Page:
MONTREAL, Sep 20 (Reuters) – Canadian Prime Minister Justin Trudeau could cling to power in Monday’s election, but he is likely to lose his candidacy for a parliamentary majority after a difficult campaign that dashed the hopes of his Liberals in the power of a convincing victory.
Trudeau heads a minority government that relies on the support of other parties to pass laws. With opinion polls last month showing him far ahead of his rivals, the Liberal leader called the vote two years earlier than necessary, saying voters must weigh in on his center-left Liberal government’s handling of the pandemic of COVID-19.
But as the public was unhappy with the anticipated appeal, the 49-year-old prime minister saw his lead evaporate. Liberal strategists now concede that it will be difficult for the party to win a majority of the 338 seats in the House of Commons.
In recent days, Trudeau, whose government has racked up record debt to fight COVID-19, has focused on the need for Canadians to be vaccinated against the coronavirus. He supports vaccination mandates, while Conservative leader Erin O’Toole, 48, opposes the mandates and prefers a combination of voluntary vaccinations and rapid testing to stop the spread of the virus.
“We need clear, strong leadership that will continue to unequivocally promote vaccines, and that is what we will do. Mr. O’Toole, he can’t and he won’t,” Trudeau said to his followers in Niagara Falls, Ontario. on Sunday in a frenzied final day that saw him cover 2,800 miles (4,500 km) across Canada.
If Trudeau does not achieve a majority, it would represent a defeat that is sure to raise questions about his political future.
The Canadian dollar was trading lower against the US greenback, with investors eyeing the election.
Trudeau, a charismatic progressive and son of former Liberal Prime Minister Pierre Trudeau, came to power in 2015. But the Liberals were reduced to a minority in 2019 after Trudeau was aggrieved by allegations of interference in a case criminal involving a company in Quebec and by revelations that he had worn blackface in his youth.
Echoes of that campaign reverberated on Sunday when a new photo of Trudeau wearing dark makeup at the same 2001 party emerged. A Liberal campaign official said the latest photo was a desperate attempt to smear Trudeau on the eve of the vote.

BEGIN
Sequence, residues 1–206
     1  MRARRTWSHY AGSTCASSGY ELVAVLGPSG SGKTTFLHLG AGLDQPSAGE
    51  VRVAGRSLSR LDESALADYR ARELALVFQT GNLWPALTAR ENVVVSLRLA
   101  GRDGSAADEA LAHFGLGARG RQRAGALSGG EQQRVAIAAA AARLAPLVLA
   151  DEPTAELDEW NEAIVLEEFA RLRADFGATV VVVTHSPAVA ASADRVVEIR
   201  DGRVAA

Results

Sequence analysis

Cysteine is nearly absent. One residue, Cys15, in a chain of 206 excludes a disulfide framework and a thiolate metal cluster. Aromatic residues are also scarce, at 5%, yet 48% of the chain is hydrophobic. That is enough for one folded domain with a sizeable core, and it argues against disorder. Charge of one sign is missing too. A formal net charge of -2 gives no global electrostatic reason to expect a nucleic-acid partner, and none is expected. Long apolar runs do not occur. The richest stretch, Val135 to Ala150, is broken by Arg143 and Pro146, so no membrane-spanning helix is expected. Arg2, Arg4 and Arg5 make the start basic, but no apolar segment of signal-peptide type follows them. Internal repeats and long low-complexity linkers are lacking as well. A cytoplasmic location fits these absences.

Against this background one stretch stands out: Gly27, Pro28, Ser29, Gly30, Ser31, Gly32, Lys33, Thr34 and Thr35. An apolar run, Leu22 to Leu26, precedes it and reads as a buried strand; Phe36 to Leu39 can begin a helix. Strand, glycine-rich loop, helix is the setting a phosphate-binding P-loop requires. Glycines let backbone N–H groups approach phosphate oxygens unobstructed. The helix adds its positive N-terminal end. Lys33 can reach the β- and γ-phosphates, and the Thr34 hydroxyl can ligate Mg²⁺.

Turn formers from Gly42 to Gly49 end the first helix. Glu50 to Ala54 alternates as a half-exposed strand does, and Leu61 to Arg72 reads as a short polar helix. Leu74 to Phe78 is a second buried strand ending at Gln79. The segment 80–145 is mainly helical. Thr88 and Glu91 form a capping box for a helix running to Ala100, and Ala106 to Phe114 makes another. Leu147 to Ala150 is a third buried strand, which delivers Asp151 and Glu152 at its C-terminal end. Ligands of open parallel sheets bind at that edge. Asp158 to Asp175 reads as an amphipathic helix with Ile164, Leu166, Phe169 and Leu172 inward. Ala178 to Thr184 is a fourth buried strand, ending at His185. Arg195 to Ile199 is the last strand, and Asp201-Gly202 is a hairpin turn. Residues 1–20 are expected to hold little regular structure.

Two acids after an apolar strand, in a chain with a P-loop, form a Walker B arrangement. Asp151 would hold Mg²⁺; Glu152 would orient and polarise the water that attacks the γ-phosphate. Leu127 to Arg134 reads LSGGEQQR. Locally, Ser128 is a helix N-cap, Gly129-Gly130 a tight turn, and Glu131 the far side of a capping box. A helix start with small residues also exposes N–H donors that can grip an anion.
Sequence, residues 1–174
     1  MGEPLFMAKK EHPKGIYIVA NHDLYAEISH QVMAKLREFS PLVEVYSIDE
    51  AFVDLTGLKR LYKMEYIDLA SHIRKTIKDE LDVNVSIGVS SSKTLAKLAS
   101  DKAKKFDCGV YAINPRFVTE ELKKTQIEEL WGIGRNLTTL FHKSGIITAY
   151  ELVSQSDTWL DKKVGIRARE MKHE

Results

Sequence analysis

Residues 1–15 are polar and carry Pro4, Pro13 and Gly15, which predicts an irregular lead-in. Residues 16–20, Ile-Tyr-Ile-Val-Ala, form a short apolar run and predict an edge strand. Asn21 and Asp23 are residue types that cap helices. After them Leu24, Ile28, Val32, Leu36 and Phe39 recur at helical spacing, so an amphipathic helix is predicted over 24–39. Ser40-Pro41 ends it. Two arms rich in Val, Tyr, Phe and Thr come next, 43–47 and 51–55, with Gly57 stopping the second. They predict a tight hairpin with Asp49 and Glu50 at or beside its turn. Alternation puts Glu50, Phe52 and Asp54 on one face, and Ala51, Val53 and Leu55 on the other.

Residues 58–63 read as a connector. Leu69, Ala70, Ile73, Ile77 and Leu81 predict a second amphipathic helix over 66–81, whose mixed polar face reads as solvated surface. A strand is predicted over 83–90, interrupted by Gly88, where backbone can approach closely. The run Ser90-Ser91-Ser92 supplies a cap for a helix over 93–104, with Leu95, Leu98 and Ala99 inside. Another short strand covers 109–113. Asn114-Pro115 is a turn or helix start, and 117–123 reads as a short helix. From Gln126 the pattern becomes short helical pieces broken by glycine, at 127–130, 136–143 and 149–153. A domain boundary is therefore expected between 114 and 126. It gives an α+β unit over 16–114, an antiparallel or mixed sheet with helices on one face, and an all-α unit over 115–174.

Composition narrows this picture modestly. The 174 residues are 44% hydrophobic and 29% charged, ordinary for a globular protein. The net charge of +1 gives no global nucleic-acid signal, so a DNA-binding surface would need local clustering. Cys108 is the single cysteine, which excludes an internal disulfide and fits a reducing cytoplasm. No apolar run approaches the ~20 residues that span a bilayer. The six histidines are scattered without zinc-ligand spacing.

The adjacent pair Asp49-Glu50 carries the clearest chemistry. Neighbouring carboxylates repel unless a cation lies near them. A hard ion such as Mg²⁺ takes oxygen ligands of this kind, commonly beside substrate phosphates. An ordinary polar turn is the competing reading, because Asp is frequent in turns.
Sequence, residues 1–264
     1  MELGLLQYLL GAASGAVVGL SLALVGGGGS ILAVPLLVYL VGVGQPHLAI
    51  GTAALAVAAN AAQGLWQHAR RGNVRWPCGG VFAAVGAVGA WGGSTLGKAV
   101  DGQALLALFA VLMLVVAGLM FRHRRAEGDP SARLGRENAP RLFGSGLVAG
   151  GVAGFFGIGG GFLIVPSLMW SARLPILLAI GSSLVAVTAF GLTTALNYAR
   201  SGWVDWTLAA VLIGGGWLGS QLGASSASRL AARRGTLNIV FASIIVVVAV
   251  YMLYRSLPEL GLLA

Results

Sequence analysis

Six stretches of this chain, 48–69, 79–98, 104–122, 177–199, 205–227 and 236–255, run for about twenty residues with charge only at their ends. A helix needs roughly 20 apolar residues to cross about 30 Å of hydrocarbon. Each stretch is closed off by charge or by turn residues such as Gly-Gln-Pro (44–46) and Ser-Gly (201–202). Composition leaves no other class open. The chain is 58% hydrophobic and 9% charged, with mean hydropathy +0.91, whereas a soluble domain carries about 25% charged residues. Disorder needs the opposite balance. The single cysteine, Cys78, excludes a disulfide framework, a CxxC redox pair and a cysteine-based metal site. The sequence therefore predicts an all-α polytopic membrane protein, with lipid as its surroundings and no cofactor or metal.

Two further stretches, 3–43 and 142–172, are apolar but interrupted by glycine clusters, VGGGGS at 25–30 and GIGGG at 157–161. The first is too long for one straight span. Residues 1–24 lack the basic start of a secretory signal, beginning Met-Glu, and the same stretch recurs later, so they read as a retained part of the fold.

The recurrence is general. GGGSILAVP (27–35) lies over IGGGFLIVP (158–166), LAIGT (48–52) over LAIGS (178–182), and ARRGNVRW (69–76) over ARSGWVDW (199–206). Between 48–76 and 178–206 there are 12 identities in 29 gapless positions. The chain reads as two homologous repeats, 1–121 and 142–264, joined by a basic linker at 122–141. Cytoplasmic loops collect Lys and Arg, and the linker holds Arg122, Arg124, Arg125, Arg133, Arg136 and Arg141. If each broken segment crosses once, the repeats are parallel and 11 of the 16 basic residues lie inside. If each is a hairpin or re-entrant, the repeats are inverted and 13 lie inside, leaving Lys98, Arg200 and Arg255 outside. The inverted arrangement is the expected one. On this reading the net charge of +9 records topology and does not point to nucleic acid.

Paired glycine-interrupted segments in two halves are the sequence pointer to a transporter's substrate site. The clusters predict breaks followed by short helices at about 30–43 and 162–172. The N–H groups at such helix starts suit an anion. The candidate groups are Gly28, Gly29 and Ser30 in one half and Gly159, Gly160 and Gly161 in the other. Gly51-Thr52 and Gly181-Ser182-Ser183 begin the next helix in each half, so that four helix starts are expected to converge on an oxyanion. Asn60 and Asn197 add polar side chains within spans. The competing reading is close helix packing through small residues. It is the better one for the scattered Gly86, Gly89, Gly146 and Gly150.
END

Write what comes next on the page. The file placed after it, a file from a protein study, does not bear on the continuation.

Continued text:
Trudeau apologized in 2019 for wearing blackface.
Polls show liberals are bound by popular support for conservatives, which theoretically gives Trudeau’s party an advantage, as liberal force tends to be concentrated in urban centers which have the lion’s share of seats.
“There isn’t a world where it is not tight,” said a senior liberal strategy official. “Is a majority possible? Yes. Is that the most likely scenario? No.”
Liberals admit voters could be put off by having to go to the polls as a new wave of COVID-19 hits the country. Low turnout tends to favor the Conservatives.
To complicate matters, both sides face the prospect of divisions of votes. The Liberals are competing with the left-wing New Democrats, while the right-wing People’s Party of Canada (PPC), which opposes mandatory vaccines, could hurt the Conservatives.
“Justin Trudeau wants you to stay home tomorrow. Justin Trudeau wants you to vote PPC,” O’Toole told supporters on Sunday. Polling stations in the most populous areas of Canada will close between 9:30 p.m. and 10 p.m. EDT (0130-0200 GMT Tuesday).
O’Toole voted in Bowmanville, Ont., Monday, and Trudeau voted in Montreal.
After voting in downtown Montreal, Jonathan Goldbloom and his 95-year-old mother, Sheila Goldbloom, said they supported Trudeau’s handling of the pandemic.
“He has shown great leadership on the file and it was he who said that everyone should get the vaccine. I don’t think the Conservatives were consistent in this message,” said Jonathan Goldbloom, using another term for conservatives.
Wayne Boone, who was heading for a poll in Ottawa, said he supported the O’Toole Tories over their budget cuts.
“And I’m not very happy with Pierre Jr – as I call him – Justin Trudeau, because he tends to just spend money that we’ll never have,” Boone said.
A first indication of the Liberals’ fortunes will come after 7:30 p.m. EDT (11:30 p.m. GMT), when the votes in the four Atlantic provinces will be counted. The Liberals hold 27 of the 32 seats in that region.
Trudeau has taken a cautious stance in public, avoiding questions about a possible majority.
“I want as many Liberals as possible to be elected across the country because we need a strong government,” he told reporters in Montreal on Sunday. In private, the helpers are less timid.
“You don’t call an election during a pandemic just to get another minority government,” one said.
Elections Canada, which oversees the vote, has so far received nearly 800,000 mail-in votes from Canada, up sharply from the 50,000 mail-in votes received in 2019. Due to the high volume and verification checks required for mail-in votes. votes, the counting of those ballots will not begin until Tuesday, said Elections Canada spokeswoman Natasha Gauthier.
Reporting by Steve Scherer and David Ljunggren; Additional reporting by Tyler Choi, Julie Gordon, Allison Lampert and Rod Nickel; Writing by David Ljunggren; Editing by Peter Cooney and Paul Simao
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